6 Tips To Get Better Running Photos of Yourself

When I shoot running events I always strive to create unique high quality images.  Runners spend hours conditioning and researching tips, techniques and products to help them perform their best.  Who would want to show off that hard work with photos that were taken with any less effort? I’ve decided to provide six tips I think will help you get better running photos of yourself.

First off let me explain to you what I think is a good running photo in a way that a runner can impact. A photo should show action, I should be able to see your face and your eyes and often emotion(are you having fun? Pushing yourself and have that determined face?)

 

Climbing up on a conex box at the 2013 Dirty Dozen race in Albany, Oregon
Climbing up on a conex box at the 2013 Dirty Dozen race in Albany, Oregon

1. Obstacles and Course Unique Features

One of the things I always look for when shooting photos is to have something unique to that race in the photo. Example would be at Silver Falls would be to get one of the falls in the photo, or perhaps its a creek crossing at Monument Peak, or just a really awesome spot on the trail. Being that most the runs I shoot are in Oregon, its pretty hard not to find a great scene.

If there is an obstacle, like a creek crossing, cross it with enthusiasm, just run behind/past a waterfall? Be ready for a photos, there may just be a photographer there to capture the moment.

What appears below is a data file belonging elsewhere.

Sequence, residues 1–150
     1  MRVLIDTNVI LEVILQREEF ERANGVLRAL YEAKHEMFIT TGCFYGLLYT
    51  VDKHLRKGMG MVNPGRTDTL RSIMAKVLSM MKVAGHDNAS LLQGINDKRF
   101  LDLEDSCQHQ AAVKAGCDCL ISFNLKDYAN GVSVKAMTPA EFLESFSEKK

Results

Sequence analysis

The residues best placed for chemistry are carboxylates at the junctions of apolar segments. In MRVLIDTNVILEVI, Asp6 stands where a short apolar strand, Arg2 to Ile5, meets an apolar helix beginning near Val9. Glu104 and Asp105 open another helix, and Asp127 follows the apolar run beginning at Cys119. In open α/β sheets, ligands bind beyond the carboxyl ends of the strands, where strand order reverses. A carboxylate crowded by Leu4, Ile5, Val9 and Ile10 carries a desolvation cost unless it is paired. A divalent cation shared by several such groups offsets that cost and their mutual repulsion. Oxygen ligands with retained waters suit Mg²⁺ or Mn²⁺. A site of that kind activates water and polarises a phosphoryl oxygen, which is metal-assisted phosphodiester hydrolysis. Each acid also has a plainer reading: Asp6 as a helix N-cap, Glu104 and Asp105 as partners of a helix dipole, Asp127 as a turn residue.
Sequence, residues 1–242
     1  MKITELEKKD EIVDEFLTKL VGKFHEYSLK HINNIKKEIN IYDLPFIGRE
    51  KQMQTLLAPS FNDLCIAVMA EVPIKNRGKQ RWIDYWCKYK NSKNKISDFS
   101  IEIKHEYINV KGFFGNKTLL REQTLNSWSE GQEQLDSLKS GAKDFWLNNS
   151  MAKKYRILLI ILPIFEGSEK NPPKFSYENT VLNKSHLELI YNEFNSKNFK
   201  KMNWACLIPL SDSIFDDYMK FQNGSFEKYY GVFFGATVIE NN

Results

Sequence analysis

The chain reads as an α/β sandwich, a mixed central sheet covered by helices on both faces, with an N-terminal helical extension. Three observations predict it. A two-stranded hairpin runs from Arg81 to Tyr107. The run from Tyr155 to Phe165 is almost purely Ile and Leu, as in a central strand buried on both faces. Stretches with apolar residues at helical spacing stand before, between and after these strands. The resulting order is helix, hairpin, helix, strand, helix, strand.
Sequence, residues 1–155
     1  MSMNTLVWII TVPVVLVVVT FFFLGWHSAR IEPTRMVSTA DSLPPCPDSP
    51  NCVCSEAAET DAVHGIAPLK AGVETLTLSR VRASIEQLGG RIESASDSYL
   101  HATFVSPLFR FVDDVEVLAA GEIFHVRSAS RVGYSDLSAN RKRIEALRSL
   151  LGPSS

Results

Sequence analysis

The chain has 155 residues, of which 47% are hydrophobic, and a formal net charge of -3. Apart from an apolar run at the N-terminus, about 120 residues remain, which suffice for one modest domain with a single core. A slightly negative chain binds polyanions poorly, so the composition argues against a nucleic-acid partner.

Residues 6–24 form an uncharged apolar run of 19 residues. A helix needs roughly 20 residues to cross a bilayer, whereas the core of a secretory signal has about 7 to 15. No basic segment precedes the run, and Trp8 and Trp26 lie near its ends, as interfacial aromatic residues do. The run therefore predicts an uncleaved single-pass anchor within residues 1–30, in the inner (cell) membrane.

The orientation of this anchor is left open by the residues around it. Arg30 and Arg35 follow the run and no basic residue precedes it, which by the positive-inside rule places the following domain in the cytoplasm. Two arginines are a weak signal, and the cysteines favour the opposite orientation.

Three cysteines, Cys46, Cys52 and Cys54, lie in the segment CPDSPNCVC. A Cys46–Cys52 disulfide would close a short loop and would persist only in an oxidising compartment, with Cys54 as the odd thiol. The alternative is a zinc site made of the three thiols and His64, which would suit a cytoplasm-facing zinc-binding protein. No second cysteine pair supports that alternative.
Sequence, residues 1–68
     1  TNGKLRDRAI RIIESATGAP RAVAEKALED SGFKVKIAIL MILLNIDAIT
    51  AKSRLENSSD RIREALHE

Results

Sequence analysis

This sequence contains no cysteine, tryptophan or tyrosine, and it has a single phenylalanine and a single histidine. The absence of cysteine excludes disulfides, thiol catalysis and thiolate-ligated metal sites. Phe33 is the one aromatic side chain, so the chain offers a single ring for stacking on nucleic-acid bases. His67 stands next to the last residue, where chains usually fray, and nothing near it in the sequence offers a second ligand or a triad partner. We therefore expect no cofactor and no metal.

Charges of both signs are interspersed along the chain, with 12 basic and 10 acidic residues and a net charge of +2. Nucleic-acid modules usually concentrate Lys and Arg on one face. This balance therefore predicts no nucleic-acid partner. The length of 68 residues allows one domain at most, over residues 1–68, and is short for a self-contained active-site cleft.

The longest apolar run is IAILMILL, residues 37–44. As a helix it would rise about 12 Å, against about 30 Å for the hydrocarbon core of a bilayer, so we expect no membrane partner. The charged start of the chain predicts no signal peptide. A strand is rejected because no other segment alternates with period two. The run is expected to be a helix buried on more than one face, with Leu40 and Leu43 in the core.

2. Finish Line

Finish line photos are tough, they all look very similar. A runner with “Finish” banner over the top and a clock above or next to the finish line.  I will often use a tripod at the finish as this allows me to have consistent framing on images and allows me to process the photos much quicker and in turn around get them online and available to purchase sooner.

In addition to the tripod sometimes I use lights to add a unique characteristic to these photos. When setting up the lights I set them up to try to take photos of all the runners.  To be consistent as possible I set up the lighting as if the runner crosses in the center. Some runners will run across the finish line off to the side. This will make them appear really bright on one side and even possibly blown out. This is where the light is so powerful the runner will lose details and appear as a white form, often losing details in the face. If using lights and it also makes the  person appear at the edge of the photo rather than in the middle creating an unbalanced photo as one side of the runner will be lit much stronger than the other.

The finish line is also a great time to celebrate your accomplishment, as tired as you are, jumping, cartwheels may seem like a lot of effort, something as simple as just a big smile will improve the look of your photo.

A runner crosses the finish line at a race thats runs in a drained lake bed and finishes downtown Detroit, Oregon
A runner crosses the finish line at a race that runs in a drained lake bed and finishes downtown Detroit, Oregon

3. Look up

Running is tough, trail running is even tougher as there are rocks, roots and other obstacles on the trail that any time that can cause an injury.  As a photographer shooting from a lower angle can help this, however as you look down, often it appears as if your eyes are closed. Try to keep that head up and look down the trail if you see the photographer.

4. Bib placement

This one is not so much to make a better photo, but helps in “getting” the better photo. Photos are uploaded to my website and searched  based off your bib number provided by the race directors.  This is also how I attach your names to the images as well. That allows you to search for photos of you across multiple races where your bib number may change. Recommended placing is front and center of your torso.